Annual Gains is the average annual gain in home prices over this...
Jun 08, 2018
Current Events, Parent Conversations, Retirement, Credit Reports, Investing, Mortgages
The WSJ takes a good look at the overprotected American child. You probably see the impacts on the students you teach.
Michelle Singletary explains why parents should have “the talk” (about credit) with their kids.
Here are eight things parents can do to help their college students become financially independent.
And here is what you do if your adult children want to move home.
The New York Times looks at education spending over time. (Hint: it...
Jun 03, 2018
Student Loans, Question of the Day, Paying for College, Mortgages
Answer Student loan debt. Student loans had a 10.7% delinquency rate (over 90 days past due) vs. mortgage debt which had a delinquency rate of 1.2% in 1Q 2018.
What is the major difference between how a lender evaluates a consumer taking out a mortgage vs. how the government evaluates a student taking out a federal student loan?
What do you think happens if someone stops making payments on their mortgage? On their student loan?
Why do you think that more than 1 in...
May 17, 2018
Identity Theft, Credit Cards, Credit Scores, Credit Reports, Mortgages
This second quarter update deals mostly with credit cards and credit scores, but we touch on managing mortgages and financial infidelity.
Ever wonder what to do with that credit card you never use? There is not necessarily one answer for all situations.
Do you know exactly what happens when if you make a late credit card payment?
How about what happens when you don’t pay off your credit card balance in full?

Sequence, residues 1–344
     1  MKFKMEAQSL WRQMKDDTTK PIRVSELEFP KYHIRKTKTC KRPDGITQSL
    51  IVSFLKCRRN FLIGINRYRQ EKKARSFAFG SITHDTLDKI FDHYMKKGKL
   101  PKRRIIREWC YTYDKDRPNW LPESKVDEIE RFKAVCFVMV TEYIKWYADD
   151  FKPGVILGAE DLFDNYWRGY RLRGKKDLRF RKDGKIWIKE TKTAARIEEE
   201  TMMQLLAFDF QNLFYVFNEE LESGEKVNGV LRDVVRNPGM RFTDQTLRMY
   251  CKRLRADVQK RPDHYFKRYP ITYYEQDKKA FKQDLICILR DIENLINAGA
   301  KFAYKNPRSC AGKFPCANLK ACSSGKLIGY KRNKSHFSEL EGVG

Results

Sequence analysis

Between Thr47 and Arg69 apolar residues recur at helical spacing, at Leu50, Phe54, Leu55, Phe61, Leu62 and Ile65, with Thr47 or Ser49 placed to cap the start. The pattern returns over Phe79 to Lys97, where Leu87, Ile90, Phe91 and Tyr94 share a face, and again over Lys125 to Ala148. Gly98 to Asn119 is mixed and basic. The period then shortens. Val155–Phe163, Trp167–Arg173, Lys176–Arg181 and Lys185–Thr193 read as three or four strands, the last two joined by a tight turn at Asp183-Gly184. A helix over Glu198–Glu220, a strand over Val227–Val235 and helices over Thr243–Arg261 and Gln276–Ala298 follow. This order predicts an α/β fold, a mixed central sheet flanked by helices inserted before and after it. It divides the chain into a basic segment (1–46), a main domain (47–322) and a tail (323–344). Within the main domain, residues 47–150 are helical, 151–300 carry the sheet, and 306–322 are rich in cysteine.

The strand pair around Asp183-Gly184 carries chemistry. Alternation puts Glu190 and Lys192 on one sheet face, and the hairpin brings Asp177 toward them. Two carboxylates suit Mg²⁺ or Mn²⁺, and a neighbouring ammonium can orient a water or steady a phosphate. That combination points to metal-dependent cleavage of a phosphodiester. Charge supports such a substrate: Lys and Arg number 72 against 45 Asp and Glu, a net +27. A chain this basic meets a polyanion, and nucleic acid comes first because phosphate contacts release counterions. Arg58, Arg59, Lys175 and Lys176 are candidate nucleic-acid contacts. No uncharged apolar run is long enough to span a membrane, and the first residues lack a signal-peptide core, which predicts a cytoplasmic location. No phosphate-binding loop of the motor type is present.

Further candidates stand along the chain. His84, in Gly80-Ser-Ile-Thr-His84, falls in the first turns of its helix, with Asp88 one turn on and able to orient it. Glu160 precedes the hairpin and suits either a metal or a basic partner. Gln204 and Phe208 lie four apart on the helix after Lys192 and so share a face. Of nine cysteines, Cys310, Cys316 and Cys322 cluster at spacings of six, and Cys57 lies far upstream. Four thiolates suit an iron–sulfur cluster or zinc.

This one might make you think twice about opening a joint...
May 10, 2018
Current Events, Credit Cards, Personal Finance, Mortgages
Nerdwallet research shows average household debt for 4Q17 increased slightly in every category but auto loans (see chart below*).
Peer-to-peer lending may not be as disruptive to credit markets as once thought.
Here is the lowdown on what higher interest rates will mean for borrowers.
You might want to consider these tips to get your financial house in order before applying for a credit card.
Credit card companies and other lenders are facing increasing delinquencies and defaults...
Jan 17, 2018
Budgeting, Mortgages, Research, Interactive, Question of the Day
In what regions of the U.S. is it cheaper to rent than to buy? What do you think explains these regional differences?
If you could live in your dream city/state, which city would you live in? Would you rent or buy?
Millennials are “delaying purchasing [a home] for a median of seven years” according to MarketWatch. Why do you think explains this?
Do you have a desire to buy a house at some point in the future?